I’m having trouble seeing ‘How to Negotiate Everything, by Lisa Lutz, as a children’s book. Don’t get me wrong, I love the book. However, it seems a bit ‘older’ than your typical children’s book. By that I mean the pictures and story – you can negotiate your way into our out of anything – seems aimed at an older crowd, perhaps high school and older.
I don’t have any children around to read this, so I’d like to know what children think of it. On the one hand it seems to me, children would like the idea of a child wanting an elephant. They might also like the idea of getting dessert even when they don’t eat their broccoli. On the other hand I don’t think the concept of negotiating for something really fits within the 32 pages of this book or within the repertoire of most children. Add to that the additional idea of setting a goal and working for it and this goes from being a book for children to being a book for adults.
The ‘picture’ part of “How to Negotiate Everything” is great. I especially like the turtle being walked on a leash. I think children will love the illustrations. This book is cute, sometimes it’s funny. However, even the illustrations lead me to the conclusion that this is really a book for adults. The child is dressed as a businessman; there is a bag of golf clubs in his room and a coat rack with umbrellas in it.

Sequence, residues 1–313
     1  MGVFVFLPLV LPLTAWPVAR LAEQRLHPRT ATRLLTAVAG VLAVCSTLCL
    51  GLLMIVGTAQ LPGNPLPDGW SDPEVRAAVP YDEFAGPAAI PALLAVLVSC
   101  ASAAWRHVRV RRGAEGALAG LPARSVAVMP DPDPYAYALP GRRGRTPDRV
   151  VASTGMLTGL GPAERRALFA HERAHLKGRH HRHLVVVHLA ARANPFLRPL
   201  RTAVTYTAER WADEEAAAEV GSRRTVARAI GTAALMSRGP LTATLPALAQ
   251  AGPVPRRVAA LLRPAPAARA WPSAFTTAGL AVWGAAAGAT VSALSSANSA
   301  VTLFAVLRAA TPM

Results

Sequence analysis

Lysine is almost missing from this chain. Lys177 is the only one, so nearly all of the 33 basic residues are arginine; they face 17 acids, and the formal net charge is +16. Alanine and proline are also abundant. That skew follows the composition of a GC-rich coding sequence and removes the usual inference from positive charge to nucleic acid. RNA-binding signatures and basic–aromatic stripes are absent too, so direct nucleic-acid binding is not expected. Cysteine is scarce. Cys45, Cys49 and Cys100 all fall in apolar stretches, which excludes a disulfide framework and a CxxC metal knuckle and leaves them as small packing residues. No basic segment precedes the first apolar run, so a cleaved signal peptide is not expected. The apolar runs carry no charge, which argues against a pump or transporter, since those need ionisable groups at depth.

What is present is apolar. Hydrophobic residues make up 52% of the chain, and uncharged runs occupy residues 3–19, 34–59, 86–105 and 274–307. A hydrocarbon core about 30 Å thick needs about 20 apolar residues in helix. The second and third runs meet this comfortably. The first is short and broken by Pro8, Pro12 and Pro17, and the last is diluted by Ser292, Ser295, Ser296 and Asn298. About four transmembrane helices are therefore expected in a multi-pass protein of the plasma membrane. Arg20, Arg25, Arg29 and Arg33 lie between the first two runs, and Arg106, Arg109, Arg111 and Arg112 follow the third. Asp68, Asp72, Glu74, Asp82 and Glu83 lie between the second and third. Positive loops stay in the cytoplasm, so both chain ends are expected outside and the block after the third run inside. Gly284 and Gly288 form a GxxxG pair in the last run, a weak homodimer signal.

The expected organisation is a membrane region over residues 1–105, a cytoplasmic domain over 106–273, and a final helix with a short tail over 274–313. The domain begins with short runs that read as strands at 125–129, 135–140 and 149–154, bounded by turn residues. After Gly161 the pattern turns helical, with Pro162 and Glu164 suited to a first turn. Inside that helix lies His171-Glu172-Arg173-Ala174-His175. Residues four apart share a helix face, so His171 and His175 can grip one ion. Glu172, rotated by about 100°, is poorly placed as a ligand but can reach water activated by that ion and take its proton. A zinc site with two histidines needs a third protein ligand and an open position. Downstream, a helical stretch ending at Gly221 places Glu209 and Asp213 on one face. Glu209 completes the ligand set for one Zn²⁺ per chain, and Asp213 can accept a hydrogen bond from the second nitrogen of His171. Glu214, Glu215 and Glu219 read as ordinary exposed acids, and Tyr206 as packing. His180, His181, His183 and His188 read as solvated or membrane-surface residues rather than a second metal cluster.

In the end I think this would make a great graduation gift, along the lines of Oh, the Places You’ll Go! by Dr. Seuss. The graduate should have an awareness of and the ability to negotiate in order to do well. Most employees don’t really know how to negotiate. When asking for a raise or promotion or even when applying for a job, they may know how and when to ask, but they should know how to strengthen their case through negotiation. Beyond that this book concludes offers a lesson in goal setting. The graduate should be prepared to set goals, plan, work hard, keep your eye on your goal, and be patient.
If you’re buying this for your child, don’t expect it to be one that will be pulled off the shelf again and again, at least not until your child is 18.